Tuesday night, at approximately 11:45pm, I scowled at my clock and made a decision. No how, no way was I going to school the following day. It was already two hours past my bedtime, I was wide awake and had no interest in dragging myself to school with no sleep the following day.
I toyed instead with the idea of an afternoon pedicure. I flirted with the thought of going to the Ferry Building and spending the day sampling every single cheese at Cowgirl Creamery. I even pondered **oh horrors** exercise. But none of it fit. Or rather, I was too tired to think what would fit.
That is until early the next morning, after brief fitful bouts of sleep. I realized it had been an entire 168 hours since my last visit to the mighty magical Meyer lemon tree. Gasping in disbelief, finding a tiny reserve of energy inside of my coffee mug, I trudged outside in my robe and began filling my pockets, yet again, with my treasures. This time though, it wasn't such a bounty. Seems I pillaged that poor tree on my last visit and the new crop is just now crossing over from green to a very pale green. It seems I was a tad overzealous.
This troubled me somewhat until I discovered most recipes only call for one or two lemons, so I was in no way hindered in my creative pursuits. In fact, it was most likely for the best as I'm not sure I can consume more than three Meyer lemon dishes in one day. Fortunately, I was only required to consume one. Fortunately, it was amazing.
Due to a severe shortage (read: lack) of tart pans in our house I opted instead for a muffin tin, hoping to create individual lemon tarts. What I didn't forsee was the boiling over of the lemon filling while baking. We can thank the gods of happy accidents for this one, because the results were nothing short of inspired.
No, I would not call these tarts. I will call these tart lemon demitasses. Each little demitasse is lined with a thick layer of lemon. The center is open and can be filled, as I did, with berries. If I were not so very very sleepy though and if there were not a severe shortage (read: lack) of ice cream makers in this house I would whip up some creme fraiche ice cream. I would pile that into each cup and sprinkle them generously with berries.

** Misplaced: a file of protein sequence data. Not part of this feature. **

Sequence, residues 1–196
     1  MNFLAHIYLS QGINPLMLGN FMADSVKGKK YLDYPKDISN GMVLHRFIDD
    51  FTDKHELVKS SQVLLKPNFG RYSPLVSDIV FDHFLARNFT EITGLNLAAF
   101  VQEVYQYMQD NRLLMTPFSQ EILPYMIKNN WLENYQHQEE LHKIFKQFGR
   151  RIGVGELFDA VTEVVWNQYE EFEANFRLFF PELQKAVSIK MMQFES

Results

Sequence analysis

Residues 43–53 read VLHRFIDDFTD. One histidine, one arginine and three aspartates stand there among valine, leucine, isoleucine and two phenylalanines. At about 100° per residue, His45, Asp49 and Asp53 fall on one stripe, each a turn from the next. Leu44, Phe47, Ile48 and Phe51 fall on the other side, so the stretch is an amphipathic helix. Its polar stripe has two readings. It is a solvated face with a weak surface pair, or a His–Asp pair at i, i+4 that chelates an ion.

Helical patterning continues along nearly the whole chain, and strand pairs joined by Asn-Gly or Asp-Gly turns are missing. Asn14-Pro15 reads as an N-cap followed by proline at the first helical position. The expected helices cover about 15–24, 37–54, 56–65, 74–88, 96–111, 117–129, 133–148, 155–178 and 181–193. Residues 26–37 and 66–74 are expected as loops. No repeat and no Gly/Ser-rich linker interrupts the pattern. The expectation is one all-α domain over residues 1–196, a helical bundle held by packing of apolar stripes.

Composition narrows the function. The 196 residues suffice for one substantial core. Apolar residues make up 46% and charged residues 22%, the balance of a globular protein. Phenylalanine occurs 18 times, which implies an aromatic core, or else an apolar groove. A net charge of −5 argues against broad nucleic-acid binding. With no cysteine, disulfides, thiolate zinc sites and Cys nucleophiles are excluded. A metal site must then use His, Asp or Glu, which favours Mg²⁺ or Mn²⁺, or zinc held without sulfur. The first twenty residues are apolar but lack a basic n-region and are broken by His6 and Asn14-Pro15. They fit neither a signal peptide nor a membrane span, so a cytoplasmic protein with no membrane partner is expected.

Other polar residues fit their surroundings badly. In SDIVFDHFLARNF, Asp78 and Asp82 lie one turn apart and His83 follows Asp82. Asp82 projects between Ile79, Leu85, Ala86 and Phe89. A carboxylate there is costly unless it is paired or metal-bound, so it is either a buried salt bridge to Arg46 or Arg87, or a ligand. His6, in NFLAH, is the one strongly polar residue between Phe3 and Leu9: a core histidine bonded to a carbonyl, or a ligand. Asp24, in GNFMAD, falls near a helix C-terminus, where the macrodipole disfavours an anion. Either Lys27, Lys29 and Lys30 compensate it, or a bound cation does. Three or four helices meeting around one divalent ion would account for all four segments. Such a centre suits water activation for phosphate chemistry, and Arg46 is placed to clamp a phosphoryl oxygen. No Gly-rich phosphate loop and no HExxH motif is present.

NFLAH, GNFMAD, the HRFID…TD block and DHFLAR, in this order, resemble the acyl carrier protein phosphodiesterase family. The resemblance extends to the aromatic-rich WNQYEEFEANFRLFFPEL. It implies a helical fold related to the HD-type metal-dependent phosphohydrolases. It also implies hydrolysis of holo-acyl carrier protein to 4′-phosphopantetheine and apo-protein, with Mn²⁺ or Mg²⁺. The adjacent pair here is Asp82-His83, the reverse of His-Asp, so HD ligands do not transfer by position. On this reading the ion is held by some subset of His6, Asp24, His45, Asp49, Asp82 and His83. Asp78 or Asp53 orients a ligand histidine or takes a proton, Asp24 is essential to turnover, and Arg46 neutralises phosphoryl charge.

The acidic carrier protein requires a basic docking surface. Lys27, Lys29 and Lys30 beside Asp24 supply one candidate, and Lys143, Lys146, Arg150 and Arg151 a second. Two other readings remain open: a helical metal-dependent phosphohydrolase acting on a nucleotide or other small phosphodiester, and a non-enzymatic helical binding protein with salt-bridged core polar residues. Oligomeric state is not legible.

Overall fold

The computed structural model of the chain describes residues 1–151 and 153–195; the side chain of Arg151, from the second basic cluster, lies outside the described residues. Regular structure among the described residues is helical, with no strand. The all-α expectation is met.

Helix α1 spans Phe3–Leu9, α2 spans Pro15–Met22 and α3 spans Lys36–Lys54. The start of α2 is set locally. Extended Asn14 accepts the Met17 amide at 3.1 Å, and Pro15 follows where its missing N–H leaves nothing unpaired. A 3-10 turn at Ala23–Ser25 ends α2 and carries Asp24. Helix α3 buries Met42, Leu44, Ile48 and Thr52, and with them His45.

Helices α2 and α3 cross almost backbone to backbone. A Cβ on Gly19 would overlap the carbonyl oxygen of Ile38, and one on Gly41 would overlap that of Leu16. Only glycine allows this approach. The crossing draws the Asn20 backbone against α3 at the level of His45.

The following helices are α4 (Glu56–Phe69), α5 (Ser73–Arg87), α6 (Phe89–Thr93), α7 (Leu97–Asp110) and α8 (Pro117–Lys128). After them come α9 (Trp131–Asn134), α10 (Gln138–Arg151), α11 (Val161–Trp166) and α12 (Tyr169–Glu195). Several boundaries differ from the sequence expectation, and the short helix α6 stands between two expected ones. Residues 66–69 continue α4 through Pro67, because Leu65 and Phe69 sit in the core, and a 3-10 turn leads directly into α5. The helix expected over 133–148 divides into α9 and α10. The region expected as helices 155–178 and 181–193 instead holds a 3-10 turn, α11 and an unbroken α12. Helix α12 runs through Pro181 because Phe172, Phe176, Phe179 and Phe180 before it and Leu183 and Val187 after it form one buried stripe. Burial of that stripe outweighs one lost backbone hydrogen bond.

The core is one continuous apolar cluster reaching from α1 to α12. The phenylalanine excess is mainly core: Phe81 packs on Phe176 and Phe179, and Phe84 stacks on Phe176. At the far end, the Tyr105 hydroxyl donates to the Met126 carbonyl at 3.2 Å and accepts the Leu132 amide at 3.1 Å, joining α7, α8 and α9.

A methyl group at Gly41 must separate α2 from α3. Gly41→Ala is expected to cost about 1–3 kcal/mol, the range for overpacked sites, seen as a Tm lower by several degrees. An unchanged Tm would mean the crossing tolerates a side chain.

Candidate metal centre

Tart Lemon Demitasses
Adapted from Dorie Greenspan’s Paris Sweets via Smitten Kitchen
1 recipe my very favorite uber-duper flakey pie crust
1 1/2 average-sized Meyer lemons (about 4 1/2 oz each), rinsed and dried
1 1/4 cups sugar
1 large egg
1 large egg yolk
1 1/2 tablespoons cornstarch
1 stick unsalted butter, melted and cooled
Center a rack in the oven and preheat the oven 325°F.
Prepare pie crust. Cut into 4" x 4" squares. Line each muffin tin with the pastry squares. Set in the fridge to chill for 30 mins.
Bake the pastry shells for 15 mins with weights in the bottom to keep them from puffing up. Remove from the oven and let cool.
Slice the lemons into thin wedges, remove the seeds, and toss the lemon and sugar into the container of a blender. Blend, scraping down the sides of the container as needed, until the lemon is thoroughly pureed and blended with the sugar. Blend in the whole egg and the yolk, followed by the cornstarch and melted butter. Pour the filling into the crust shells, filling them 1/2 to 3/4 full.
Brush egg white or water around the exposed edges of the pastry. Sprinkle with turbinado, or some other large grain sugar.
Slide the baking sheet into the oven and bake the tart for 20 minutes. Increase the oven temperature to 350°F and bake for another 15 to 20 minutes, or until the filling is bubbling, lightly browned and set. Don’t take the tart out until it is clearly set, however — you’re looking for a slight jiggliness with no suggestion of liquid underneath. DO not be alarmed if it boils over. Just make sure it does not burn. Transfer the demitasses, still in the muffin tins, to a cooling rack and allow it to cool for at least 20 minutes before removing it from the pan. The demitasses are ready to be served when they reach room temperature.